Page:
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Clairvoyance as a relationship of man to the cosmos


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#21 Rdr Andreas

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Posted 10 February 2008 - 11:11 PM

but it has been imported into "normal" English purely for contexts which are completely alien to the Orthodox notion of "true vision", and I don't believe it can be extricated from that.


A cure for this for oneself might be to read sufficient about clairvoyant elders and eldresses that the word takes on an Orthodox resonance and expels any other connotation. But may be some alternative would still need to found for conversation with others.

#22 M.C. Steenberg

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Posted 10 February 2008 - 11:23 PM

I know of very few Orthodox contexts in which 'clear vision' (a.k.a. clairvoyance) is spoken of at length as a distinct concept. The most vivid example of recent memory is the recent volume on Elder Porphyrios, where it comes up a great deal. But, generally speaking, the gift of purified vision is understood as part of the ascetic definition of man in a state of genuine repentance, and in most Orthodox thought and writing doesn't generally come up as a distinct 'thing' -- i.e. a specific gift with a specific name. It is part of the restored human condition.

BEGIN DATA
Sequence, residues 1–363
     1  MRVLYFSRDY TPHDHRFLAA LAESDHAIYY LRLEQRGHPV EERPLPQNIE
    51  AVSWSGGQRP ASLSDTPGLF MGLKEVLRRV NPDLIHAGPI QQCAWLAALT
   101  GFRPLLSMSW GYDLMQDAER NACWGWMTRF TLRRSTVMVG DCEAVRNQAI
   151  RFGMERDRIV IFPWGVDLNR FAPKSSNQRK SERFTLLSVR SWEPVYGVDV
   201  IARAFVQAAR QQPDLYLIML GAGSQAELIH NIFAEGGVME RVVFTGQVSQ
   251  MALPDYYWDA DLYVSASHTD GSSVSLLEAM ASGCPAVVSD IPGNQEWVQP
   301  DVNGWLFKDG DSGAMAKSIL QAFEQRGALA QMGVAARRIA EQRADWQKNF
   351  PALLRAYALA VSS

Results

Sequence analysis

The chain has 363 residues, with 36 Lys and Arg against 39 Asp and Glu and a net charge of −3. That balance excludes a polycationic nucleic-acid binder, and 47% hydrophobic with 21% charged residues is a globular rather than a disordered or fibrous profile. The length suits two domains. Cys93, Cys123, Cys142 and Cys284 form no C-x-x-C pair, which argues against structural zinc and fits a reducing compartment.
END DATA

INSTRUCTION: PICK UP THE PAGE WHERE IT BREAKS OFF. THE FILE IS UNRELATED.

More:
INXC, Dcn Matthew

#23 Anthony

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Posted 11 February 2008 - 10:38 AM

A cure for this for oneself might be to read sufficient about clairvoyant elders and eldresses that the word takes on an Orthodox resonance and expels any other connotation. But may be some alternative would still need to found for conversation with others.


Another solution is to avoid the word altogether, especially as (as Fr Matthew points out) it is not really needed. This seems to me preferable to retreating to some kind of "Orthodox-speak".

#24 Rdr Andreas

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Posted 11 February 2008 - 11:11 AM

I only meant that if one reads a lot about the lives of saints and other holy people, repeated reference to clairvoyance is understood in that context without the other connotation coming to mind.

#25 Anthony

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Posted 11 February 2008 - 11:18 AM

Yes, you are right; and I am sure that is what generally happens among Orthodox. But I still think that use of the word is not the best idea - it often either repels people (and possibly it has repelled me from reading literature I might have profited from), or attracts them for all the wrong reasons.

My comment about Orthodox-speak was made with a few Orthodox websites in mind. I think there is a real danger of this, though it is not really the topic of this thread.